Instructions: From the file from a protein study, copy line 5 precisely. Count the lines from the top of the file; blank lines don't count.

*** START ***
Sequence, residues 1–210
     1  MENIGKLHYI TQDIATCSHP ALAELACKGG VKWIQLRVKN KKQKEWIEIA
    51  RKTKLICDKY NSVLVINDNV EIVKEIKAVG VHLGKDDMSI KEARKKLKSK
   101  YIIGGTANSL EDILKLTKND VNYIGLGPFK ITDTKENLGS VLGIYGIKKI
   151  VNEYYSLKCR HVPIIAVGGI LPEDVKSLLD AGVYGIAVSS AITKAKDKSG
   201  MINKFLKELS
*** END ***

   151  VNEYYSLKCR HVPIIAVGGI LPEDVKSLLD AGVYGIAVSS AITKAKDKSG